Trim: 6½ x 9½
978-0-7391-2595-3 • Hardback • September 2011 • $120.00 • (£92.00)
978-0-7391-6909-4 • eBook • August 2011 • $114.00 • (£88.00)
Erin McCandless is a part-time faculty member of the Graduate Program in International Affairs at the New School for General Studies, New York. She is the founder and co-executive editor of the Journal of Peacebuilding and Development.
Part I: Mapping this Study
Chapter 1. Mapping Polarization and Transformation in Zimbabwe
Chapter 2. Historical Context for Social Action in Zimbabwe
Part II: The Movements
Chapter 3. The NCA: Grievances, Structure and Identity, Driving Interests
Chapter 4. The ZNLWVA: Grievances, Structure and Identity, Driving Interests
Chapter 5. NCA and ZNLWVA: Strategy Dilemmas and Actions
Part III: Transformative Change and Peace
Chapter 6. Assessing Outcomes and Implications for Transformative Change and Peace
Chapter 7. Transforming and Preventing Polarization: Lessons from Zimbabwe
This is a major study of Zimbabwean social movements that undercuts any simple binary between "good" and "bad" civic players in Zimbabwe politics. The book critically examines both those movements close to the ruling party and those opposed to it, setting out the dynamics of their organizational and mobilisation processes and the consequences of their interventions.
— Brian Raftopoulos, Director of Research, Solidarity Peace Trust
This is an important book that comes at the right time as it addresses the complex nature of social change and conflict transformation. Unlike much of the literature focusing on elite actors or NGOs, this analysis systematically analyzes the crucial national civil society movements representing concerns of the majority of Zimbabweans. The author develops an innovative research framework, conceptualizing social change in a way that makes it methodologically measurable. Her grounded empirical research provides lessons for scholars of civil society, peacebuilding and democratization, and policy-makers beyond the case of Zimbabwe, and in doing so addresses the needs of IR scholars and students, peace and conflict as well as democracy theorists. The book is equally important for those studying civil society and also enriches the conflicting scholarly debate on civil society in Africa.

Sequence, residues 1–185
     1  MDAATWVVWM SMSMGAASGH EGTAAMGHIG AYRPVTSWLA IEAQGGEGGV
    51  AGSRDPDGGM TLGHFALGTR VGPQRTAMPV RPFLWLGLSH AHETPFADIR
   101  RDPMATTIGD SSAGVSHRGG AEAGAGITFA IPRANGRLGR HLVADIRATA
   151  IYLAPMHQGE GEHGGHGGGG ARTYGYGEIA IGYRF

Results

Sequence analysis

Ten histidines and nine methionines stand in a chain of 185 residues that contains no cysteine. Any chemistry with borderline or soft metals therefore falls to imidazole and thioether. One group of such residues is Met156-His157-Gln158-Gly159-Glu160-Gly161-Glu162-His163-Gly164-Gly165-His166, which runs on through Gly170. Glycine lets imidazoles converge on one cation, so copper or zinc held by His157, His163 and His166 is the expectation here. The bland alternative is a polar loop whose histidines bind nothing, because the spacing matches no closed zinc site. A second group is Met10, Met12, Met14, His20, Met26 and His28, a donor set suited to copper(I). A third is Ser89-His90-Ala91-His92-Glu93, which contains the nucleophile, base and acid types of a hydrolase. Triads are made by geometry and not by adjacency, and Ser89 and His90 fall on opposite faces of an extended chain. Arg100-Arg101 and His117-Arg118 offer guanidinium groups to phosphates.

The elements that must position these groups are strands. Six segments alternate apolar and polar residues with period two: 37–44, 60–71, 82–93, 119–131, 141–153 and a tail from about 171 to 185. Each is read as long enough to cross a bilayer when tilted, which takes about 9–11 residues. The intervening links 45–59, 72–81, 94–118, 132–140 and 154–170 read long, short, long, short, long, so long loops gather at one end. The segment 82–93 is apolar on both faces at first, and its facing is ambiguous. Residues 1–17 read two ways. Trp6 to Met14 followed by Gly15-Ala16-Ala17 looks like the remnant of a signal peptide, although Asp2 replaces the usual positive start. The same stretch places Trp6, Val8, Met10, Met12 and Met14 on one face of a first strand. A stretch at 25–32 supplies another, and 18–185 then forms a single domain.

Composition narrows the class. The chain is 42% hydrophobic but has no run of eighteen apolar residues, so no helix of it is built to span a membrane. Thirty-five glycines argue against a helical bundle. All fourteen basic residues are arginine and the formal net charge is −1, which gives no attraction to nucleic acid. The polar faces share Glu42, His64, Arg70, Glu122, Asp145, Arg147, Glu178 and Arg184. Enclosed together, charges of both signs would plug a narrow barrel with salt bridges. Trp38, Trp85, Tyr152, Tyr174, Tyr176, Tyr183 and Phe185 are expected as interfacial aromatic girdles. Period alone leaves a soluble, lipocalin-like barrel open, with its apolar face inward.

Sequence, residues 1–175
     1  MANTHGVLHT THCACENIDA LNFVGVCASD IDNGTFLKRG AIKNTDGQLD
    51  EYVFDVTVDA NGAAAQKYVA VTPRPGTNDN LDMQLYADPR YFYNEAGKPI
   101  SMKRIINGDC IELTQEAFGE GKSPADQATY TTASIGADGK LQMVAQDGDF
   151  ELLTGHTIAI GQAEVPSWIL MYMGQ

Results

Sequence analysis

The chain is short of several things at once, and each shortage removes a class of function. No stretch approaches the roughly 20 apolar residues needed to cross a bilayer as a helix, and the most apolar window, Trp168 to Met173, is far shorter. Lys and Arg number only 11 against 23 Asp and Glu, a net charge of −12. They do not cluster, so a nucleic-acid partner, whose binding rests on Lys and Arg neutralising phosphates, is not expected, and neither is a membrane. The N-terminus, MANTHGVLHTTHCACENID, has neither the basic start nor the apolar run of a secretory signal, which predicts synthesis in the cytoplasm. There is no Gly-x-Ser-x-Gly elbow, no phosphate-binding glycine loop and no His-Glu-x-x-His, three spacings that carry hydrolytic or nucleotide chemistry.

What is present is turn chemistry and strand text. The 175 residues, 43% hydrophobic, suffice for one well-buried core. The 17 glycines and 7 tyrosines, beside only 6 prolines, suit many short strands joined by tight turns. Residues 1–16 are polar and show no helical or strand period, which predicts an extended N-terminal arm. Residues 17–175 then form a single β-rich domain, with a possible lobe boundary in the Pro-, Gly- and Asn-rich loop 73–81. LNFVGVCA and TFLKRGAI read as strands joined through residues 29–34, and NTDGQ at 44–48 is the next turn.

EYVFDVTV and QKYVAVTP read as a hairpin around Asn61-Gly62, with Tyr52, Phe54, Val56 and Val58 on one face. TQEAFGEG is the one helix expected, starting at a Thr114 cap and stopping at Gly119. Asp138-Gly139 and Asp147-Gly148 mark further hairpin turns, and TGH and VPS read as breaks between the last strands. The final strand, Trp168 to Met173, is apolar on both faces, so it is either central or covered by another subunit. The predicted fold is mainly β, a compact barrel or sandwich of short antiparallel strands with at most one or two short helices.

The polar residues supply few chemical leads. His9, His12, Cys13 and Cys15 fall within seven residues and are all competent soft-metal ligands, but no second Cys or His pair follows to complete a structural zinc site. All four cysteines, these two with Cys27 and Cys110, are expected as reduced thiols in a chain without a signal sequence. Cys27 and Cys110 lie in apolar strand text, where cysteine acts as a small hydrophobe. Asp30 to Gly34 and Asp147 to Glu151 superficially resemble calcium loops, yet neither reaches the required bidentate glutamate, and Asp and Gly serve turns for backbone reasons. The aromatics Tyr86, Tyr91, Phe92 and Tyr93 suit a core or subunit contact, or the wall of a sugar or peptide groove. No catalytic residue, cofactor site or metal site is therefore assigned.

— Thania Paffenholz, IPTI, Graduate Institute, Geneva/Switzerland
This book provides rich empirical details on the competing narratives regarding the evolution of Zimbabwe's social movements since the social crisis-entailing deteriorating employment, incomes, and social services-resulting from the negative economic impacts of neoliberal policies adopted in 1990. It tracks the emergence of counter social movements mainly since the escalation of domestic political polarization over constitutional reform in 2000, and the subsequent confrontations between the Zimbabwe state (in alliance with land movements) and international capital (in alliance with key governance reform NGOs). It broadens the debate over how contemporary civil society organizations develop different as well as common strategies, even with contrasting historical, social, and ideological roots. It also traces how social movements and intellectuals, seeking both structural and "governance" reforms, became polarized over opposed struggles for radical redistributive land reforms and liberal constitutional reforms.
— Sam Moyo, Executive Director of African Institute for Agrarian Studies; President of CODESRIA